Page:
Sunday November 18, 2018

Breastmilk Aids to Combat Food Allergies in Newborns, says Research

Breastmilk of nursing mothers can help in protecting the newborns from developing food allergies, suggests a new research

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Breastmilk aids in combatting diseases in Newborns. Pixabay.
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New York, Nov 23: Breastmilk of nursing mothers who eat foods that commonly cause allergy, such as milk, eggs, peanut, tree nuts, soy, wheat, fish and shellfish during pregnancy can help protect newborns from developing food allergies, suggests a new research.

The mouse study, led by the University of Michigan, showed that when a nursing or pregnant mother is exposed to a food protein, it combines with her antibodies, which are transferred to the offspring through breasmilk and breastfeeding.

The food protein-antibody complexes are then introduced to the offspring’s developing immune system, triggering the production of protective T immune cells that suppress allergic reactions to the food.

These protective cells also persist after antibodies from the mother are gone, promoting long-term tolerance to the food.

The findings support the recent allergy prevention guidelines, which reject prior advice urging mothers to avoid high allergic foods during pregnancy or while breastfeeding breastmilk.

“This controlled study shows that mothers should feel free to eat a healthy and diverse diet throughout pregnancy and while breastfeeding,” said James R. Baker, Professor at the University of Michigan.

“Eating a range of nutritious foods during pregnancy and breastfeeding will not promote food allergies in developing babies, and may protect them from food allergy,” Baker said.

The study, published in the Journal of Experimental Medicine, showed that breast milk from mothers who consumed allergenic foods protected against food allergy, preventing anaphylaxis as well as production of immunoglobulin E and expansion of mast cells, both hallmarks of an allergic response.

Breast milk was found protective even when fed to unrelated offspring not exposed to food allergens in utero.

In other experiments, mothers who had never consumed allergenic foods were given food-specific antibodies from other mothers. This, too, protected their breastfed offspring.

Human breast milk, fed to mice with humanised immune systems (tailored to respond to human antibodies), was also protective, suggesting that the mouse findings may translate to human infants. (IANS)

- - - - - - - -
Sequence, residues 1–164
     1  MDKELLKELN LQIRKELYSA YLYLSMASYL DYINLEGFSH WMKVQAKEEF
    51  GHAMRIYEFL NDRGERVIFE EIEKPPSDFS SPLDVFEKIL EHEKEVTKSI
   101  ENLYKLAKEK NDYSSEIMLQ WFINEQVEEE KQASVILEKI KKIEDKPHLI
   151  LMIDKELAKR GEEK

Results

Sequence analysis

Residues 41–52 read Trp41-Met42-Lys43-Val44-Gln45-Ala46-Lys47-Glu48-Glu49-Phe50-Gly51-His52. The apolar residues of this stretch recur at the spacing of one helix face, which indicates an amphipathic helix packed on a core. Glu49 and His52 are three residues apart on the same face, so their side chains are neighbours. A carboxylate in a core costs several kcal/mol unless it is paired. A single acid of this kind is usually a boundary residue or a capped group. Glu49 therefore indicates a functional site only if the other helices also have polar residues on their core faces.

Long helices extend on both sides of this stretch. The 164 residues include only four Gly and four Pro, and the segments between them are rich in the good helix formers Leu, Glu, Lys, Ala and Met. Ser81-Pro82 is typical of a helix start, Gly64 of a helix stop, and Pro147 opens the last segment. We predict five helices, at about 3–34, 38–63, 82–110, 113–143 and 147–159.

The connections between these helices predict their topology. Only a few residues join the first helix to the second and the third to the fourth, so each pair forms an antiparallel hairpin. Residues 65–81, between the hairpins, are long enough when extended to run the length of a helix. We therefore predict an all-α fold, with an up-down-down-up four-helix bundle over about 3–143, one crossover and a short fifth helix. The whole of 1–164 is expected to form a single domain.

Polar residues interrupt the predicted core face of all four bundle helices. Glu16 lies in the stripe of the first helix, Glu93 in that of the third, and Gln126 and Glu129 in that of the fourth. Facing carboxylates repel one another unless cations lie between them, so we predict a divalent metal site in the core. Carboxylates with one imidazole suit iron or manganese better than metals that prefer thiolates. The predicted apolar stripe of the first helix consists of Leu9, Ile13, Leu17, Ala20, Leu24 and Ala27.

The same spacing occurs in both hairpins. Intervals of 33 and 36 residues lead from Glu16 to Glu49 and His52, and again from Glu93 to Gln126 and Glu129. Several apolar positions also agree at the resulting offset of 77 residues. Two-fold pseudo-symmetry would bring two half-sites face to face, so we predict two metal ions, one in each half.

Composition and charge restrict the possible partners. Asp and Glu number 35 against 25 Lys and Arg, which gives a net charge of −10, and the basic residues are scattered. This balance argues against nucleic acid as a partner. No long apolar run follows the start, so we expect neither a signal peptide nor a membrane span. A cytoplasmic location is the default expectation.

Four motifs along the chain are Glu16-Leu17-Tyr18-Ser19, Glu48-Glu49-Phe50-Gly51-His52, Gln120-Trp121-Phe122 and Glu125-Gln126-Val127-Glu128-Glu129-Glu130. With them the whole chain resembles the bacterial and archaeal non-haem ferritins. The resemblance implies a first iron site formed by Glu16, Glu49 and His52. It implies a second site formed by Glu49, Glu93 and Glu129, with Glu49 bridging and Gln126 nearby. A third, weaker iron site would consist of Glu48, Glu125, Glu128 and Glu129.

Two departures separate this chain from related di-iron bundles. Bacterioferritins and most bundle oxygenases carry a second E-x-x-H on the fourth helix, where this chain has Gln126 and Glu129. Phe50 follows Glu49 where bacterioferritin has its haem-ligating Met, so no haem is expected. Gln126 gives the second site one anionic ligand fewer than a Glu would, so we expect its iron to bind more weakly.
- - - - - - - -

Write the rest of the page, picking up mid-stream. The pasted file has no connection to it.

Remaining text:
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Managing Weight During Pregnancy May Affect Child’s Bone Health

The team analysed prospective data from 2,167 mother-child pairs

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Pregnancy, autism
Weight management in pregnancy may affect child's bone health. Pixabay

There is no benefit for children’s bone mass if women gain weight during pregnancy, says a new study.

And this applies to both normal and overweight women prior to pregnancy, says Teresa Monjardino, lead author from the Universidade do Porto in Portugal.

Weight management strategies during pregnancy reduce child cardiometabolic risk such as diabetes and heart disease.

However, because maternal weight has an overall positive correlation with a child’s bone mass, pregnancy weight management could adversely affect child bone health, said the researchers.

The study, published in the Journal of Bone and Mineral Research, showed that in under and normal weight mothers, weight gain during pregnancy was associated with slightly increased bone mass at 7 years of age in children.

Pregnancy, air pollution
Weight management strategies during pregnancy reduce child cardiometabolic risk such as diabetes and heart disease. Pixabay

On the other hand, in the case of overweight or obese mothers, no beneficial effect of weight gain on bone mass was observed.

“Until recently, it was a widely held scientific belief that any weight gain from the mother during pregnancy would have a beneficial effect on children’s bone mass,” said Monjardino.

Also Read- Poor Aerobic Fitness Increases Risk of Diabetes in Kids

“Our study results corroborate that there is no benefit in gaining weight above the US Institute of Medicine recommendations for pregnancy weight gain for children’s bone mass, in both normal and overweight women prior to pregnancy,” added Monjardino.

The team analysed prospective data from 2,167 mother-child pairs. (IANS)